FRIDAY ROUNDUP: This Week’s Best New Music (12/08/16)

12 Aug 2016

featuring Happyness, Boxed In, The Big Moon, Thom Sonny Green and Slaves.


It's Friday! Rejoice! And what better way to welcome in the weekend than with five tasty morsels of delicious new music? Here are five of this week's best new tracks from five new acts who are delighting us in equal but entirely different ways. Dig in...'


Our favourite doe-eyed, quippy slackers return with the latest track from forthcoming EP 'Tunnel Vision On Your Part' (due in September) and it's as fine a slice of fuzzy romance as we've come to expect from the trio. Melodically, it pairs the band's usual Pavement-isms with a more all-out 60s shuffle, while singer Jonny Allan's honeyed croon is set firmly to Girls' singer Christopher Owens' territory. They play the next installment of RFB clubnight Popular Culture on September 30 and lord knows we're excited.


You'll likely know Thom Sonny Green better as Alt-J's chief sticksman, but now he's stepping out from behind the kit and taking centre stage. 'Blew' comes from Green's forthcoming solo debut 'High Anxiety' and it's a claustrophobic piece of brooding electronica that echoes its album's titular atmosphere. Far removed from the amorous wordplay of his main band, the instrumental track lets itself do the talking: the message? Something may be awry in this dark and dense musical world, but it sure sounds exciting. Hear it live at The Lexington next week when Green plays alongside Mothers.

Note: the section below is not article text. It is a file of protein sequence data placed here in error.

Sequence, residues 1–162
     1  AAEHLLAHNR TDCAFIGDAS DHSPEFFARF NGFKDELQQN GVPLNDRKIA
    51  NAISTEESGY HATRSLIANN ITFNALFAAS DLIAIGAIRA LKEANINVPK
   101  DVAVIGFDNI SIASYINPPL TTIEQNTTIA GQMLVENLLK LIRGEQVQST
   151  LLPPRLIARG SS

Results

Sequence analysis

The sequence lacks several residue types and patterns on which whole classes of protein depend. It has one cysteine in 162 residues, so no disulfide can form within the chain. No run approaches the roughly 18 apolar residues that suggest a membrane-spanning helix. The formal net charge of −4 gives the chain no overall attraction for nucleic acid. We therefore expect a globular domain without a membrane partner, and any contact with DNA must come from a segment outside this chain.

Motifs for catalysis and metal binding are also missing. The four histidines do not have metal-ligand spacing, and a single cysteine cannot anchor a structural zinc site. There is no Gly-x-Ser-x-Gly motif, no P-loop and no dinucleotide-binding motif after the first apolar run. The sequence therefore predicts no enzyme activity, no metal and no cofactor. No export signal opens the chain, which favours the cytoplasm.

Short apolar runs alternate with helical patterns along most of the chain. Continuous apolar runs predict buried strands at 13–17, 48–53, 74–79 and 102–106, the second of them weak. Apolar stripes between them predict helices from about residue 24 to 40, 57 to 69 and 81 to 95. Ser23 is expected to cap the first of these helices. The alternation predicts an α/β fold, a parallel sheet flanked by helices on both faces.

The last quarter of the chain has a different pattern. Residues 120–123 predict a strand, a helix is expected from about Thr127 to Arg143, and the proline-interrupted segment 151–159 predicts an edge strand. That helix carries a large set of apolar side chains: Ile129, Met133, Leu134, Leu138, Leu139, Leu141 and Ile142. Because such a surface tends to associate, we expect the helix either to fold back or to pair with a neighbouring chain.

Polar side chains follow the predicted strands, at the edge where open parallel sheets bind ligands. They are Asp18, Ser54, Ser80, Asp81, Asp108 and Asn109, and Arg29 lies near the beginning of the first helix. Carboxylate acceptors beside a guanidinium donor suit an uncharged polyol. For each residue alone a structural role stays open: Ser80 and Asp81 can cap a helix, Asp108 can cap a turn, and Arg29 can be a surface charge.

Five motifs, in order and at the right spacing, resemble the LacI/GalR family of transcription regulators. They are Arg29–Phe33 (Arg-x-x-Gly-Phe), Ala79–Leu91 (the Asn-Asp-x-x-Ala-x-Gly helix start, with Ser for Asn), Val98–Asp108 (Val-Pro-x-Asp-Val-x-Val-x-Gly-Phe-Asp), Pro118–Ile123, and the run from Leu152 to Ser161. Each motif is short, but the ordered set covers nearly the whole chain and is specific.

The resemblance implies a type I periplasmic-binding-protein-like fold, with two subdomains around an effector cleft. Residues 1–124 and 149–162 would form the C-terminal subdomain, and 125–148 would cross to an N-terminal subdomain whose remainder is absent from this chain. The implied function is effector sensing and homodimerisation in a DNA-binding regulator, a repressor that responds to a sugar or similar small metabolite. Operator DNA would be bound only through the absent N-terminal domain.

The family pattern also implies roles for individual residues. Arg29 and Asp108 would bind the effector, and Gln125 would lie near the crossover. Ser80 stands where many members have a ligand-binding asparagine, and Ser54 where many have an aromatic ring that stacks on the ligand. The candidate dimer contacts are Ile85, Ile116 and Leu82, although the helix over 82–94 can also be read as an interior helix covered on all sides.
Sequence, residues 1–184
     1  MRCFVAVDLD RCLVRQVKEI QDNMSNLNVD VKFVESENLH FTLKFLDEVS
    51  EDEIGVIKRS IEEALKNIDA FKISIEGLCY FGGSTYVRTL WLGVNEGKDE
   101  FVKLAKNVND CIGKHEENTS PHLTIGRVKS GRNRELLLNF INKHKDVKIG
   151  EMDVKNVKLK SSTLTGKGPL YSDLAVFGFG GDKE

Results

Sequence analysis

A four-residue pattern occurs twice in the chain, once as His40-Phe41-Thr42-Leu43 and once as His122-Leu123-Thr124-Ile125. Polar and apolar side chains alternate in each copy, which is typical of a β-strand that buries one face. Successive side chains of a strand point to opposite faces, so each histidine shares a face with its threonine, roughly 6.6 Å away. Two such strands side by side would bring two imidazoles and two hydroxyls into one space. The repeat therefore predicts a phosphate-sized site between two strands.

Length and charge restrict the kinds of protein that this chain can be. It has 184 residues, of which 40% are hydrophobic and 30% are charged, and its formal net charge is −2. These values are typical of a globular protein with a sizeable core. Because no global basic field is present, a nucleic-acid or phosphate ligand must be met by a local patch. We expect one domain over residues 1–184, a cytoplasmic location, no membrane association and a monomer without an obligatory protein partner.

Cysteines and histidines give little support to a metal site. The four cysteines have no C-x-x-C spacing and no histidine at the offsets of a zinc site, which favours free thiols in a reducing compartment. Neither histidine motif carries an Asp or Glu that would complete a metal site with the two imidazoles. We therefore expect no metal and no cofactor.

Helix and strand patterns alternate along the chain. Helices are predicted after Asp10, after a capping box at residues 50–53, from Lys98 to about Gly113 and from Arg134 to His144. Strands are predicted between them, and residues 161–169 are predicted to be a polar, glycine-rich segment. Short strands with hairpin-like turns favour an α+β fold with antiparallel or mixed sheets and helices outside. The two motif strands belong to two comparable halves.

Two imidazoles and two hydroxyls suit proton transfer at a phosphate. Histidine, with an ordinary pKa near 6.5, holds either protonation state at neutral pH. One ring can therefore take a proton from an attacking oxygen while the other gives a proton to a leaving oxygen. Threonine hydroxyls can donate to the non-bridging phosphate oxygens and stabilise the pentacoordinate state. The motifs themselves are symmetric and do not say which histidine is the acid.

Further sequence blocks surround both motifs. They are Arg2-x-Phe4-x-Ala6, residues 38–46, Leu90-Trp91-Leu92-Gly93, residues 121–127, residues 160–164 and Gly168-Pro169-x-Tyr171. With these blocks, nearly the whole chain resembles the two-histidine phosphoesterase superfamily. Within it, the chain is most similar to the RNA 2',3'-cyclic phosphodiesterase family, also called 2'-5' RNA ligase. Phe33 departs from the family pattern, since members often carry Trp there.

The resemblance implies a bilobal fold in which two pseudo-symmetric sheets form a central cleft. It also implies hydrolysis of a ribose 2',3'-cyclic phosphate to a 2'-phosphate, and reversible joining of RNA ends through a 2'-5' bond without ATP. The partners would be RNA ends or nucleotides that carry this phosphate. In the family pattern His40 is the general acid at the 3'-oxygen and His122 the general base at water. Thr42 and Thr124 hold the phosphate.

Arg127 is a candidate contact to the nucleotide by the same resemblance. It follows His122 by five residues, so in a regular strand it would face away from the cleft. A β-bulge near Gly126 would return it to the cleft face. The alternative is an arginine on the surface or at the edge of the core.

In which our favourite modern girl gang turns ol' Madge's late-career, Austin Powers-soundtracking pop hit into a fist-pumping anthem. The Big Moon have been playing this one live for a while now, but we couldn't be more pleased that it's finally been given the studio treatment. Hairbrush microphone in one hand, wine in the other, aaaand mosh.



Boxed In - aka Oli Bayston - knows his way around a dancefloor banger. 'Forget' pulses along on niggling synth lines and propulsive beats - lyrically and melodically minimal, it instead steadily reels you in, loop by loop, like some kind of cunning musical fisherman. Yep.



The first track to be taken from the Tunbridge Wells two-piece's recently announced second record 'Take Control' comes good on the pair's assertions of a heavier sophomore effort. Taking a similar line of social commentary and unrest to their debut, it then spits disenfranchised missives over some of the gnarliest riffs this side of Download. This is the sound of young, angry Britain - and it couldn't be more necessary.



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